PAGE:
When entering the tropical rainforest with it's humidity one encounters another tease, who attacks in great number: leeches. Although it's always said they were completely harmless, I was so lucky to catch a secondary infection, probably directly transferred by the insect. It got worse every day and I had to treat it (with hydrogen peroxide).

A method to protect oneself from them is to pour salt into the socks. It's just that salt goes with the water, where they live in. Wearing long pants in the forest is anyway recommendable; to pack the trouser legs into the socks works well. However, in rainy days they crouch quickly over the whole body and find their way under the clothes... To get rid of them is possible with burning them with a lighter (they let go then) or scratch them away with a straw directly after they bit and are not firm yet.

Image and photocomposition by Asienreisender, 2009, 2015

From Teluk Nipah are two paths leading into the jungle. At the edge of the jungle the peak is still to see (2). Once being inside the green, orientation is a problem and a compass can help a lot.

Huge trees indicate the age of the forest. These are older trees, while further south there is a part of the forest where only thin, young trees are growing. That's clearly secondary forest. The tall trees have a huge crown but no branches below. They are specialized to absorb the sunlight and form the top layer of the tropical rainforest (4,5,7,9). Lianas appear very often in the jungle; they are parasitic plants who use the jungle giants as an access to reach the sunlight high above. In some cases the parasites strangulate the old trees and eventually kill them.

Big spiders appeare here and there, more often at the edge of the forest than inside. They prefer glades for their nets, because there is the chance higher to catch prey.

The yellow sign inmiddle of the forest tells that the forest is under protection and asks hikers to take care for the nature.

When hiking in the jungle, one starts sweating pretty much. The heat, the humidity, the strain of walking on a ground where one has permanently to watch out... Plenty of water is required for any even very short walk into the forest. Mosquitoes are attracted by the smell of sweat. Sometimes whole swarms approach the hiker, and one can't get rid of them anymore. They fly around the whole body and check where they can bite. Some are permanently buzzing around the head. The mosquitoes around image 8 are aedes albopictus, the notorious 'asian tiger mosquito', which is the vector for dengue fever. Plenty of them live at the long west coasts of the Malay Peninsula. Aedes albopictus is day-active.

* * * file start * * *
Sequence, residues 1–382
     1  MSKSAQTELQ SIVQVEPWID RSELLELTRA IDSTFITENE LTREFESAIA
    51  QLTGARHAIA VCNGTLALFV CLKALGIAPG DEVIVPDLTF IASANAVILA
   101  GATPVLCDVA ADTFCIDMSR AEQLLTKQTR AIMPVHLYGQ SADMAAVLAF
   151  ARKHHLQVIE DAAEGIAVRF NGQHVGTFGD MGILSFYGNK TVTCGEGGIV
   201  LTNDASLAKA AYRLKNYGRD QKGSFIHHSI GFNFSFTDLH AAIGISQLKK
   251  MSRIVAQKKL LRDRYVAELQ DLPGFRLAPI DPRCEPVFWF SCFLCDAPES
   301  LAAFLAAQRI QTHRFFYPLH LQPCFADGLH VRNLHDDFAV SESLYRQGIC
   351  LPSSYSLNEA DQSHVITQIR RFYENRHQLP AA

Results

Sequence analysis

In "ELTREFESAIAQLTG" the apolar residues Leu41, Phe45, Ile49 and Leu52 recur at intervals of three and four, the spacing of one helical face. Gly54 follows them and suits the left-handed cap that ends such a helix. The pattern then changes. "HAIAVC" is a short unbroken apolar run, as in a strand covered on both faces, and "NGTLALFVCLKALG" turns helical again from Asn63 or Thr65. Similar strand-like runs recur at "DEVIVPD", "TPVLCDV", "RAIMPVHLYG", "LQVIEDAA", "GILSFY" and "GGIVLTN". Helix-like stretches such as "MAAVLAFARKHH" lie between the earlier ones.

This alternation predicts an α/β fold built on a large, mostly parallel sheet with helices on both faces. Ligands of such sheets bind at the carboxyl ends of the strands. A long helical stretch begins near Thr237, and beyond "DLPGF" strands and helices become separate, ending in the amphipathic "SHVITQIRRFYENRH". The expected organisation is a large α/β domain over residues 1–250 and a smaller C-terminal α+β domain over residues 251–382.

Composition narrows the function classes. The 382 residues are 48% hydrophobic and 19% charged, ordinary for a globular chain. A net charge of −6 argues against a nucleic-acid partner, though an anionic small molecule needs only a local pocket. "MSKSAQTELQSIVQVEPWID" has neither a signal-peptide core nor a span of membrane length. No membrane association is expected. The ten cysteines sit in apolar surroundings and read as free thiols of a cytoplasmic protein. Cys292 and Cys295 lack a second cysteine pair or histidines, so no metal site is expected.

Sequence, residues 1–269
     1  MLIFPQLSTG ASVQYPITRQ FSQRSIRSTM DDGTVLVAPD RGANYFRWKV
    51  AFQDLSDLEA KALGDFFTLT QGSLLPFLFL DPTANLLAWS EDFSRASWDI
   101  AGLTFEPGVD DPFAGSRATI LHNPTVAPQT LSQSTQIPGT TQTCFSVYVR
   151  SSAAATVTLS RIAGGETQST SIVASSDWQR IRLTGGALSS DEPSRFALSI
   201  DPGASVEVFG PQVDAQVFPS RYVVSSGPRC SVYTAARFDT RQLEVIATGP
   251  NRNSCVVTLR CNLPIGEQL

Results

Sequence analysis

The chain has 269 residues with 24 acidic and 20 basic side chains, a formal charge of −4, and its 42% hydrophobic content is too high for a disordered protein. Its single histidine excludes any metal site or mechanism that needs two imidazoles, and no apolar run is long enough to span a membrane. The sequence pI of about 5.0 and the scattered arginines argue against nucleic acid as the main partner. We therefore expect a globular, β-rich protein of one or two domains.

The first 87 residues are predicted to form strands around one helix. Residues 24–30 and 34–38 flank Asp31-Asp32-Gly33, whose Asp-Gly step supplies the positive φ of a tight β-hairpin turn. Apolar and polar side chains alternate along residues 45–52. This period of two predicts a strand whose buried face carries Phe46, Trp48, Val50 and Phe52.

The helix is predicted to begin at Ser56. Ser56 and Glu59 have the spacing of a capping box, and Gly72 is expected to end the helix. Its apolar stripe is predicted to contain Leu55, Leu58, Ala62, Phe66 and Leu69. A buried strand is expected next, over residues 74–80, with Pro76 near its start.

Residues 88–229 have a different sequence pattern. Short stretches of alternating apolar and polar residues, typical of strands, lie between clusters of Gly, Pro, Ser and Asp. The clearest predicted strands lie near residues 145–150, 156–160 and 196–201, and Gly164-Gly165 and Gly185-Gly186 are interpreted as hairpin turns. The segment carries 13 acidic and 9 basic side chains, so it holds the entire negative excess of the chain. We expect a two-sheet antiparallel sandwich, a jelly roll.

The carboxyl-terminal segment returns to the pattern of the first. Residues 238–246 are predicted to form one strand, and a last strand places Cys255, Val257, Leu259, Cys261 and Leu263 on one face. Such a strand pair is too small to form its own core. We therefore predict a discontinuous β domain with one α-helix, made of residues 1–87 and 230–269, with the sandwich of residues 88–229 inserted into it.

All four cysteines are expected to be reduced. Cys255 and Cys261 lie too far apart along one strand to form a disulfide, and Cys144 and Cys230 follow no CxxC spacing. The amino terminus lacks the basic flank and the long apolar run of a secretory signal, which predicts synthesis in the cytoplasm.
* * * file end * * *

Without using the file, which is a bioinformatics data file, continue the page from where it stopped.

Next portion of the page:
The mosquitoes around image 18 are of the kind anopheles. Anopheles mosquitoes can transfer malaria, a classic tropical disease.

As well as mosquitoes there are also masses of ants in the forest. Many of the fallen trunks (12) in the jungle fall victim then to termits (11).

'Photocomposition Tropical Rainforest of Pangkor Island' by Asienreisender

Jungle tracks (13 - 18) - very seldom someone comes along here. They are from time to time cleared by officials who observe the nature; maybe there are also sometimes locals hunting in the forest - hunting means meat for free. The tracks are narrow and at many spots overgrown, so then one has to crawl for a few meters or to use a machete (19) to clear the path. The machete probably saved my life when I used it to lift a few twists under where was a pretty viper hidden (20). The picture is (not only) so shaky for I was trembling but because it's pretty dark on the ground of the tropical rainforest. For the plants it's a permanent struggle for light. Image 21 shows a part of a track which is overgrown with fern. Because of some more poisonous animals like cobras, centipedes, scorpions it's recommendable not to pass through here. One has to clear the path first.

Suddenly, in the mud, the footprints of boars (22). Continuing slowly and silently, the group of wild pigs didn't notice me before I saw them (23). Wild boars are certainly a reason for hunters to poach. One would think that's an activity for the Chinese then, because the muslim majority doesn't eat pork. But, hunting and eating are two different things, and a poached boar can be sold for 'good money'.

Orchids grow on branches, they are parasites as well (24). Hiking in the jungle requires a good sense for orientation, and an orchid like this is like a sign one should keep in mind for the way back. Fallen trees serve for the same purpose (25). And, after walking, walking, walking, eventually a stone indicates that the peak of the mountain is very close (26).

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Pangkor Island was for years a very fine destination. It's a tropical island in a half-way developed country in which I felt safe in recent years. It was also so that the people here were mostly friendly and I remember a number of good experiences I made here. Hiking into the jungle was always a great experience. I never ever met anybody else in Pangkor's jungle, and also never ever met a local who had an idea how it looks in the island's forests. The locals are very estranged and don't spent a thought for the nature. They mean business, and only business.